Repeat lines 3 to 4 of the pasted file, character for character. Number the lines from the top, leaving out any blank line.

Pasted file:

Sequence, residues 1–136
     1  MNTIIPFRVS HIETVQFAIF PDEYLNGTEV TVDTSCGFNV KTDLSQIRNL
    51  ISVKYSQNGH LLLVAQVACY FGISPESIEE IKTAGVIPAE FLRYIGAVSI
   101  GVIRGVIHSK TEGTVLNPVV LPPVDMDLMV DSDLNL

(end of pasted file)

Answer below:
    51  ISVKYSQNGH LLLVAQVACY FGISPESIEE IKTAGVIPAE FLRYIGAVSI
   101  GVIRGVIHSK TEGTVLNPVV LPPVDMDLMV DSDLNL